The above texts refer to the glorified body the saved will receive at the return of Jesus Christ. Paul explained: “For our [citizenship] is in heaven; from whence also we look for the Saviour, the Lord Jesus Christ: Who shall change our vile body, that it may be fashioned like unto his glorious body, according to the working whereby he is able even to subdue all things unto himself” (Phil. 3:20-21). And Jesus said: “Then shall the righteous shine forth as the sun in the kingdom of their Father . . . ” (Matt. 13:43). John stated in 1 John 3:3 what Christians should be doing. “And every man that hath this hope in him purifieth himself, even as he is pure.” Then what does John say immediately after? “Whosoever committeth sin transgresseth also the law: for sin is the transgression of the law” (1 John 3:4). The connection is clear. One who purifies himself keeps the Commandments of God! “And ye know that he was manifested to take away our sins; and in him is no sin. Whosoever abideth in him sinneth not: whosoever sinneth hath not seen him, neither known him” (vv. 5-6).

John describes the difference between those who are righteous and those who are wicked. “Little children, let no man deceive you: he that doeth righteousness is righteous, even as he is righteous. He that committeth sin is of the devil; for the devil sinneth from the beginning. For this purpose the Son of God was manifested, that he might destroy the works of the devil” (1 John 3:7-8). The Bible defines righteousness: “My tongue shall speak of thy word: for all thy commandments are righteousness” (Ps. 119:172). The Greek form for the verbs “doeth righteousness” and “committeth sin” are in a present active form, meaning that the action is presently taking place. So the text would refer to the two opposites—those who habitually practice righteousness as opposed to those who habitually practice sin.

Then John describes the difference between one who is begotten by the Holy Spirit and one who is not. “Whosoever is born of God doth not commit sin; for his seed remaineth in him: and he cannot sin, because he is born of God. In this the children of God are manifest, and the children of the devil: whosoever doeth not righteousness is not of God, neither he that loveth not his brother” (1 John 3:9-10). The Greek word for “born” can be translated either as “born” or “begotten.” Begotten is the meaning here, for this is the only word that makes sense. Those of whom John speaks above are either sinning or not sinning. Therefore, they are not like the wind—invisible— and have not been born again. See John 3:8. The Greek forms for the words “commit sin,” “cannot sin,” and “doeth righteousness,” are present active forms denoting action that is presently taking place. The lesson here is that if they have been begotten by the Holy Spirit, they will not be habitually practicing sin. On the other hand, the children of the devil will be. In brief, true Christians will be keeping the Commandments of God, as this is their habitual practice.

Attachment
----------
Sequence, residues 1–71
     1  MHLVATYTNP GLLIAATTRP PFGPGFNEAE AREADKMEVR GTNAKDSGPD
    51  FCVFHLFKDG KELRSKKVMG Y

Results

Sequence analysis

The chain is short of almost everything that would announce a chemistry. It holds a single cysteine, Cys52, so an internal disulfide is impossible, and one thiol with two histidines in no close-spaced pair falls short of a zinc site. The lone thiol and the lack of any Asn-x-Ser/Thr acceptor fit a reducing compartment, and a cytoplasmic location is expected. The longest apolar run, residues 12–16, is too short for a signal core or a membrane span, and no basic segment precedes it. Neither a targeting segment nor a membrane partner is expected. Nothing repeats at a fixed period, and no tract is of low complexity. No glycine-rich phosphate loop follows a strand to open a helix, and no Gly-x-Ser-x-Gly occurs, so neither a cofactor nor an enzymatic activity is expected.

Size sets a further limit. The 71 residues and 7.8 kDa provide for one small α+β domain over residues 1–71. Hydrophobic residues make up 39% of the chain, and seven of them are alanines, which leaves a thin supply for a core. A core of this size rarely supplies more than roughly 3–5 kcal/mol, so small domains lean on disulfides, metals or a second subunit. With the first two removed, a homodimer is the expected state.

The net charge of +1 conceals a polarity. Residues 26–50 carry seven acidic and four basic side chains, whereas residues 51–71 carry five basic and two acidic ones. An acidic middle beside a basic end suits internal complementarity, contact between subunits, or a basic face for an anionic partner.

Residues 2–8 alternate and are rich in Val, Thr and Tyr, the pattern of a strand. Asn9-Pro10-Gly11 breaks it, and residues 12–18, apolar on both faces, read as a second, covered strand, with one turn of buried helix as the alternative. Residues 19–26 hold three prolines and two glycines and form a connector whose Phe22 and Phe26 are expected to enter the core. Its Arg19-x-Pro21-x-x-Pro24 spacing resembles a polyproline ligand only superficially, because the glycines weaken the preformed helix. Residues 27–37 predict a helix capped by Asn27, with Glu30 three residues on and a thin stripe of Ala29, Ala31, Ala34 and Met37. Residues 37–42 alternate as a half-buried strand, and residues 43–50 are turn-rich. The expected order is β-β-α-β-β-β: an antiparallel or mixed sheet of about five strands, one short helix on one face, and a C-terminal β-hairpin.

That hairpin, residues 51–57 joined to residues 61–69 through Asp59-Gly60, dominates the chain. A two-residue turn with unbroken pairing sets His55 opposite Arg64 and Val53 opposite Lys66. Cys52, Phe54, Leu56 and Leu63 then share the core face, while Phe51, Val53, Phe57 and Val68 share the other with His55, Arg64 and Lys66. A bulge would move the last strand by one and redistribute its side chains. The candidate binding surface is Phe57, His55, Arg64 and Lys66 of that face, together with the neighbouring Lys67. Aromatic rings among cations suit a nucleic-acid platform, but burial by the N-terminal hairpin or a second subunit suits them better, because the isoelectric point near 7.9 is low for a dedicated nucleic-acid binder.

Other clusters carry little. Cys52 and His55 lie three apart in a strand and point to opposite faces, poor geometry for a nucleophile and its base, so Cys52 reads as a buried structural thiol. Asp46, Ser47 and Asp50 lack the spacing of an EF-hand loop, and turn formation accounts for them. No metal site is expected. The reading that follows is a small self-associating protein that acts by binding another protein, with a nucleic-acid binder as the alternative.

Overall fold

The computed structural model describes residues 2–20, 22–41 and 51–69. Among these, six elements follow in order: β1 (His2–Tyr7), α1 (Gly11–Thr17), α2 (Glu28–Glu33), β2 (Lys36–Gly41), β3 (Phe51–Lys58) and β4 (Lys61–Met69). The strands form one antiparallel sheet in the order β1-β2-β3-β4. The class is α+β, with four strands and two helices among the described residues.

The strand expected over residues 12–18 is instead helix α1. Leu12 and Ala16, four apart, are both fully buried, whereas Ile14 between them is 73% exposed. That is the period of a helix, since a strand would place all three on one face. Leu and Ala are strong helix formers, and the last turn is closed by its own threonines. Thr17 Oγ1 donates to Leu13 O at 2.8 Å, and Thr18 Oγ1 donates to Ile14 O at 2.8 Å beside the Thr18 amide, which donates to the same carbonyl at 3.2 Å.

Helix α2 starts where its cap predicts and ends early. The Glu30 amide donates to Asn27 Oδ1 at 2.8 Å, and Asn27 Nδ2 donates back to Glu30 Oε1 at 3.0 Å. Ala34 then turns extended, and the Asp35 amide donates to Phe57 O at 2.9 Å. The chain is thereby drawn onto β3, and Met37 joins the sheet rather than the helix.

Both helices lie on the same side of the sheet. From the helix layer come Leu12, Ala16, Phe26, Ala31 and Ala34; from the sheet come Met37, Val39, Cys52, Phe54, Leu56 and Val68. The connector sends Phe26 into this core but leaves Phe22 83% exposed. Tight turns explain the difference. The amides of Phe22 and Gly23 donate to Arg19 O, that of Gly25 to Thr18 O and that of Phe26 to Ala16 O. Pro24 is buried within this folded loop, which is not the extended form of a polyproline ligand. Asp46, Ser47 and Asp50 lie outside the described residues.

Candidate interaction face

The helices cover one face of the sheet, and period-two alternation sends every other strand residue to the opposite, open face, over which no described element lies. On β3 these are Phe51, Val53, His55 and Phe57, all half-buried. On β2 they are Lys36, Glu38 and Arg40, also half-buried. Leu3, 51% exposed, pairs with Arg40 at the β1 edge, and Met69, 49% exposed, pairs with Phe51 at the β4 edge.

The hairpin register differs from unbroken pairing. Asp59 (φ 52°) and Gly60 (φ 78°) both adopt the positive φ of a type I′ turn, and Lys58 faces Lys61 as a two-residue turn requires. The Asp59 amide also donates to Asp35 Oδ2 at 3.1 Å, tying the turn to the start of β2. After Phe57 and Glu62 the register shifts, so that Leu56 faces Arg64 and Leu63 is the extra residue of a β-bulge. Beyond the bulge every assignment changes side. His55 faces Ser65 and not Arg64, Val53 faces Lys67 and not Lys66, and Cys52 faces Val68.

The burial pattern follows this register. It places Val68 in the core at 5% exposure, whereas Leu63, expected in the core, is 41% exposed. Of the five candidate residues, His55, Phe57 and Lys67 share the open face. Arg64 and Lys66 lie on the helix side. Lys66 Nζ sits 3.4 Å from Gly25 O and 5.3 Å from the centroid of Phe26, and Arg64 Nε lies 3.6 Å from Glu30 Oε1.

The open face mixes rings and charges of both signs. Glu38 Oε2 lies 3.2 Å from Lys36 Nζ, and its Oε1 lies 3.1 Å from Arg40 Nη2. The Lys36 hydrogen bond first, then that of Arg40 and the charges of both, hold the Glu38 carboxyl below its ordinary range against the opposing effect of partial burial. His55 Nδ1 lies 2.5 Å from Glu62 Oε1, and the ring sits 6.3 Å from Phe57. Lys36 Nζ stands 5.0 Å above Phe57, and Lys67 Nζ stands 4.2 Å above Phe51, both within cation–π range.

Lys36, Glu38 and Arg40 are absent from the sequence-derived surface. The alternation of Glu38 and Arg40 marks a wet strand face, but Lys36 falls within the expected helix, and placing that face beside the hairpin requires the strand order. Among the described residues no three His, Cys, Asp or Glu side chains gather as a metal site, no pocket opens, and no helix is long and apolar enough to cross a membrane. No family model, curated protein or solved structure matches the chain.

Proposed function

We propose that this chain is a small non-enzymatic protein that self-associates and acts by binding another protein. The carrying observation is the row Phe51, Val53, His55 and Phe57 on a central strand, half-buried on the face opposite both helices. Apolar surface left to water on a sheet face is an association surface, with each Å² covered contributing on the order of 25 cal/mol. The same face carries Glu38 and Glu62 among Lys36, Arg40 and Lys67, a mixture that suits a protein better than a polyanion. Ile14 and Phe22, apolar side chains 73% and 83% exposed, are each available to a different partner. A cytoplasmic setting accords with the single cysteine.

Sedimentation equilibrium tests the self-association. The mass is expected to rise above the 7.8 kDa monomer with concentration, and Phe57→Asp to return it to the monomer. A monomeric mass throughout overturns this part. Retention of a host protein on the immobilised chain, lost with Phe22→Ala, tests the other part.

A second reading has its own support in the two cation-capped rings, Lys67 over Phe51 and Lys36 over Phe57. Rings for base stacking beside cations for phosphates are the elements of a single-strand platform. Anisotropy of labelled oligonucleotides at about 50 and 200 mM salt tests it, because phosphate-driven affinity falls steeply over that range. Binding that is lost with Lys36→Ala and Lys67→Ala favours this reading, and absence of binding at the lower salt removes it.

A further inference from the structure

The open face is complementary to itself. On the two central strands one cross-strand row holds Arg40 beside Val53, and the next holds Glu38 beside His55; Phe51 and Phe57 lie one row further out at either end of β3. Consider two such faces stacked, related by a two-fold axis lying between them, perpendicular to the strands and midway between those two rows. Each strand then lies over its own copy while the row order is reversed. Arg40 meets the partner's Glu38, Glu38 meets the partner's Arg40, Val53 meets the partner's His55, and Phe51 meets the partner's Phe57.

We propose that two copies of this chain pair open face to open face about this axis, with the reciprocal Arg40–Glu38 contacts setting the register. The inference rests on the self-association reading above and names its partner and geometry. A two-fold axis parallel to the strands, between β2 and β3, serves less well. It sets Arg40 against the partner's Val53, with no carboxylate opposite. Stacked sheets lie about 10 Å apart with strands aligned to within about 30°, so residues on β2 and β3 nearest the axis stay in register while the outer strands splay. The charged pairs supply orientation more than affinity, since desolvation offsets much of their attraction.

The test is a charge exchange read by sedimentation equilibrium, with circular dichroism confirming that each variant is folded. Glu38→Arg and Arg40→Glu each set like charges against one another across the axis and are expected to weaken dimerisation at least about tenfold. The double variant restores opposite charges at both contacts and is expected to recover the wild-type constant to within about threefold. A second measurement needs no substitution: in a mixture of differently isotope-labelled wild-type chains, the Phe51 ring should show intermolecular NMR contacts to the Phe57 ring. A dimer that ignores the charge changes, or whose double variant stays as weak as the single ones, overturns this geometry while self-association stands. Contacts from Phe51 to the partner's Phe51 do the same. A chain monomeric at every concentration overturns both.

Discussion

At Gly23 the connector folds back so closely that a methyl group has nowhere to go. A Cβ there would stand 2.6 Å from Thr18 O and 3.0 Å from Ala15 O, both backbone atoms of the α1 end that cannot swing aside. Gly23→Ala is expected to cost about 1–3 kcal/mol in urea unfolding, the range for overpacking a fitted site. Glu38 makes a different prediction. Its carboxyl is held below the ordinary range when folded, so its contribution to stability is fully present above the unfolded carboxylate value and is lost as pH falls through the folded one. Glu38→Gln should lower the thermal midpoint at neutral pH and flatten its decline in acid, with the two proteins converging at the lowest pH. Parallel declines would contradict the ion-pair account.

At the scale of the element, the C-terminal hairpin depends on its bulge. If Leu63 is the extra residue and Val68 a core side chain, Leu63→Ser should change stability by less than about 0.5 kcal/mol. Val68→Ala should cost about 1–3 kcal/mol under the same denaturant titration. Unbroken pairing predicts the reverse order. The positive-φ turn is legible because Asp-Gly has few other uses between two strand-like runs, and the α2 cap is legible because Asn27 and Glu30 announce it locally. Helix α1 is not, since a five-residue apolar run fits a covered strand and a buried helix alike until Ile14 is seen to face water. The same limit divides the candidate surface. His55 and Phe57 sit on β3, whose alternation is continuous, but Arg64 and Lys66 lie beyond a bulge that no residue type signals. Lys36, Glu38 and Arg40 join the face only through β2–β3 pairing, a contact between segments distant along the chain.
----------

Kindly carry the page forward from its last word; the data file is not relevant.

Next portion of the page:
John made it plain that no one who hates his brother should consider himself to be a Christian. John gives this instruction:

We know that we have passed from death unto life, because we love the brethren. He that loveth not his brother abideth in death. Whosoever hateth his brother is a murderer: and ye know that no murderer hath eternal life abiding in him. Hereby perceive we the love of God, because he laid down his life for us: and we ought to lay down our lives for the brethren. But whoso hath this world’s good, and seeth his brother have need, and shutteth up his bowels of compassion from him, how dwelleth the love of God in him? My little children, let us not love in word, neither in tongue; but in deed and in truth. (1 John 3:14-18)

This love for others summarizes an important part of the Ten Commandments. “And this is his commandment, That we should believe on the name of his Son Jesus Christ, and love one another, as he gave us commandment. And he that keepeth his commandments dwelleth in him, and he in him. And hereby we know that he abideth in us, by the Spirit which he hath given us” (1 John 3:23-24).

John emphasizes love in his epistles. As we proceed we will see more examples of importance in Christian life.